Four Things for Adoptive Dads to Keep in Mind

An adoptive dad’s uncertainty of whether or not he would be a good dad.

David Caissie February 13, 2015
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Although I’ve only been a dad for a little over five years now, it’s difficult to remember a time when I wasn’t. One of those memories I have that remains pretty clear, however, is the time when I was struggling to decide if I had what it took to be a dad or not. After all, I had lived for almost 40 years not being a father. Therefore, I had understandably become accustomed to a lifestyle that didn’t include The Wiggles, Happy Meals, and an endless, continual loop of Frozen. So as my wife and I were making our decision as a couple about whether or not to adopt at all, I had to first decide whether I had the ability to fulfill my role as a good dad to our future child. Truthfully, I wasn’t all that sure I did.

I knew for a fact that discipline was not going to be a particular strong suit of mine. The best father figure I had ever known, my own dad, was a certified and bona fide, grade-A marshmallow when it came to disciplining his children. The man endured the many trials and tribulations of raising five of us. He worked harder than anyone I ever knew or have known, and he certainly had a tough exterior that let very few people beyond the walls of our quaint little home know anything about him. But when it came to his kids, he turned to pure fluff.

Understanding that discipline was going to be a parental struggle for me going forward, I needed to think about what else it may take for me to be a good adoptive dad. Here’s what I came up with–see if you think that these might be four things for any prospective dad to consider:

1. Just be There

People had told me this before Madeline came along. The single most important thing about being a good dad is to simply just be there. Be there when your son or daughter wakes up in the morning. Be there when they go to bed at night. Be there at dinnertime. Be there to take them to they playground. You get the picture. Just be there!

2. Don’t Worry, Be Happy

Enjoy it while it lasts. My daughter just turned five, and I already see her getting so big, so smart, and so grown-up so very fast. Sure, I’ve got plenty of great Christmas times, snowball fights, and Disney movies to enjoy with her over the next 10 years or more, potentially, but I can already see it all moving past me right before my eyes.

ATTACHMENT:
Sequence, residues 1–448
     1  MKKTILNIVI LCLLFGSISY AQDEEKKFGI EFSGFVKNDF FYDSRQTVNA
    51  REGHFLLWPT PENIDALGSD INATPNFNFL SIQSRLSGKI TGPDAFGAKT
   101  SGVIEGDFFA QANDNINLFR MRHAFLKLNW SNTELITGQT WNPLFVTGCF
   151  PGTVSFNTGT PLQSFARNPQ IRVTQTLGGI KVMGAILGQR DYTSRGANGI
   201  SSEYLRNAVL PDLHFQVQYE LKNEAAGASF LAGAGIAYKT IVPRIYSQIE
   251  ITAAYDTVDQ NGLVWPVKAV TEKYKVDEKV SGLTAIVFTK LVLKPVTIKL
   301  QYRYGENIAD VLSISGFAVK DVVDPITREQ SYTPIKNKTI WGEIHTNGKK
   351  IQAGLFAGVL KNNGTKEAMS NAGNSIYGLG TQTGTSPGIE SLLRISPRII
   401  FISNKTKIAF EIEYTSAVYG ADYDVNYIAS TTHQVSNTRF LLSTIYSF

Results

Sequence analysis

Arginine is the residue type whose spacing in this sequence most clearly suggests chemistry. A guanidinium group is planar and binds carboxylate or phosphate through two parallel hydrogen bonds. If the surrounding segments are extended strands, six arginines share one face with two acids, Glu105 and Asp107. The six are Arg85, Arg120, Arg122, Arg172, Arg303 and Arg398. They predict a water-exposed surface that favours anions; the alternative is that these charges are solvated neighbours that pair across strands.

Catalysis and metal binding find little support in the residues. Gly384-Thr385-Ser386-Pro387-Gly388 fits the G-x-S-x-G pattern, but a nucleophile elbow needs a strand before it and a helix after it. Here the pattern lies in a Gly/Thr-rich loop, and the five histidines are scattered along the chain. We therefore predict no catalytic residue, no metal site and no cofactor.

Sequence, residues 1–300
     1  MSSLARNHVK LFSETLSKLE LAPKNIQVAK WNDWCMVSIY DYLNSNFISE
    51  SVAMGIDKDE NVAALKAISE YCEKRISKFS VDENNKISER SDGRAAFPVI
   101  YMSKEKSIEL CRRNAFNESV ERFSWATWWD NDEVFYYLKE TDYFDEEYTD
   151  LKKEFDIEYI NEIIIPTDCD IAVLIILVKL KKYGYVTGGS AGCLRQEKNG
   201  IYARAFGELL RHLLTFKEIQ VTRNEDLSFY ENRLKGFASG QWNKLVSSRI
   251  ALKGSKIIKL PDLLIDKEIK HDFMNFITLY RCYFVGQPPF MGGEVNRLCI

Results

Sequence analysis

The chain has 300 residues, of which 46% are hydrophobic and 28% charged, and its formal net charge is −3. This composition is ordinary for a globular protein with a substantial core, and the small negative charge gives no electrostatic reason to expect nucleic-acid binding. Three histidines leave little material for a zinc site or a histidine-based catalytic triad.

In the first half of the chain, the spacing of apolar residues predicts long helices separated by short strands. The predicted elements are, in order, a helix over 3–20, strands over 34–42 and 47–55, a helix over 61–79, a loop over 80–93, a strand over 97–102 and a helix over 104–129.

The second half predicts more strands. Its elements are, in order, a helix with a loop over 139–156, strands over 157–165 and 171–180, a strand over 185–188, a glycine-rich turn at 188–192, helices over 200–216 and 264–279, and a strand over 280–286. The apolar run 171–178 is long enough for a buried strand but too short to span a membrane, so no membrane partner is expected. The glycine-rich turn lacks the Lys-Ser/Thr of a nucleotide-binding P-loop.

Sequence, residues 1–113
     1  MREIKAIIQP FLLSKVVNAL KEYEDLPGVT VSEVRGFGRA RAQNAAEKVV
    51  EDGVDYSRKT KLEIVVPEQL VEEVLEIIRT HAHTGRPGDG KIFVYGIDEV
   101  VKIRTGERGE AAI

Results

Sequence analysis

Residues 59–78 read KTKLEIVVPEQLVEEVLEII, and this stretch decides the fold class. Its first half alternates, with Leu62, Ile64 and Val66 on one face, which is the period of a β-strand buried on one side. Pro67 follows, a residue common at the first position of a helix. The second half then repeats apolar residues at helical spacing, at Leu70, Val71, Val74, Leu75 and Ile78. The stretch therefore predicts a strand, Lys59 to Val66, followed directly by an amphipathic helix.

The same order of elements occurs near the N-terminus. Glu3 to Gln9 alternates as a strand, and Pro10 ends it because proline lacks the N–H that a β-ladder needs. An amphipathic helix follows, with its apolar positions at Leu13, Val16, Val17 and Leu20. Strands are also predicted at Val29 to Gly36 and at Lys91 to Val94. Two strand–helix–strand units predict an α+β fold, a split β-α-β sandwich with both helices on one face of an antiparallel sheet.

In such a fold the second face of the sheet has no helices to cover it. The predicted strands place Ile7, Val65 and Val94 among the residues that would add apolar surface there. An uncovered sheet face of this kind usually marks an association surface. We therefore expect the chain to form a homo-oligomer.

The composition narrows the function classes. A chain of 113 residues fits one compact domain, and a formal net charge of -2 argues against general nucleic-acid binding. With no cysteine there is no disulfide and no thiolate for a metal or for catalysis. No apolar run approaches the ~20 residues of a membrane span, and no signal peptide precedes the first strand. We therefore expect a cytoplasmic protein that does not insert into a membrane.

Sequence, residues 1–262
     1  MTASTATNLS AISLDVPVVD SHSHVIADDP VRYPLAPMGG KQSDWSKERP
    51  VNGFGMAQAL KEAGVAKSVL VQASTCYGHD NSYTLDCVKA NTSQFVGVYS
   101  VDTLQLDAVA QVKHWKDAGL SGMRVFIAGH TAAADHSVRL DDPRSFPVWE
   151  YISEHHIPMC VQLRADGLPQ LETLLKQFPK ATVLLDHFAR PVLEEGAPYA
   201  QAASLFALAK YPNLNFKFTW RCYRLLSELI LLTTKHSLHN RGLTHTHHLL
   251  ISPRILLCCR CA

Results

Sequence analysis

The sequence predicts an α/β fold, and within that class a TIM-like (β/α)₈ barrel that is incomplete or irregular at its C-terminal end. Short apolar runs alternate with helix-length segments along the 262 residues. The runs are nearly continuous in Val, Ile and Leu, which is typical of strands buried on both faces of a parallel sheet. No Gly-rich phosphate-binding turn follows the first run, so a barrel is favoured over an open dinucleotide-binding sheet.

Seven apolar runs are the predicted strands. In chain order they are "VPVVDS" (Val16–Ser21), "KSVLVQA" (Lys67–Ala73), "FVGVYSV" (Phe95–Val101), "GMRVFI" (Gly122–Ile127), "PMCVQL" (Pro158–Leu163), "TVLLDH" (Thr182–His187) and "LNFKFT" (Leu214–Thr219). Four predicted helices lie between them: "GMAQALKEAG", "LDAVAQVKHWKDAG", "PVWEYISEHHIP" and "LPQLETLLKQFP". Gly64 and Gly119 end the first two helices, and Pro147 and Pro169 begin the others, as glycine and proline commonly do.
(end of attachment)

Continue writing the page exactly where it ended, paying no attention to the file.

3. Be Your Own Man

Everybody out there, even those who have never been parents before, has advice for you on how to parent your child. Respectfully listen to the advice of those you truly respect, and then make your own decisions based on what you know and feel within yourself to be right. Don’t just follow the hollow words of wisdom from some self-proclaimed childhood expert on television or the suggestions from your know-it-all friends and relatives. Chances are that your child will benefit most from the gut instincts and well-meaning actions of the people who love and care for them the most: mom and dad.

4. Don’t Forget about Mom and Dad

I don’t think I was all that different from most first-time parents in that I totally freaked out and thought it had to be ALL about the baby ALL the time. Big mistake! Your child will be much happier and healthier if you first take the time to be happy and healthy yourself. Take a break when you need it to play golf, watch football, play video games, or whatever it is you did before fatherhood that makes you happy. Oh, and don’t forget to let mom take a break and do what she likes every now and then too. You know what they say, “If momma ain’t happy, ain’t nobody happy.” What that old saying leaves out is that the same goes for Dada.

Every once in awhile, I still have to remind myself of some of these things. It’s easy to get caught up in the stress of day-to-day living and constantly trying to be proclaimed “World’s Greatest Dad.” In fact, it’s completely normal. Instead of trying to be the World’s Greatest, maybe just try to be as good as you can be. When all else fails, fall back on the first item I mentioned here and just be there. That’s seriously half the battle and probably a little more. At least that’s what I do every time Madeline asks me for “just five more minutes” before going to bed and I give in almost immediately, because yes, I still struggle with discipline. . .

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David Caissie

David Caissie is a freelance writer, technical communicator, and staff storyteller for Most importantly, he is a dedicated husband to his wife, Amy, and devoted adoptive father to his daughter, Madeline. A family man, sports fan, and dog lover, he resides with his family and faithful basset hound, Bella, in the comfy confines of a quaint home in Stow, Massachusetts. He also welcomes your polite comments, courteous thoughts, and helpful insights on any of his articles.

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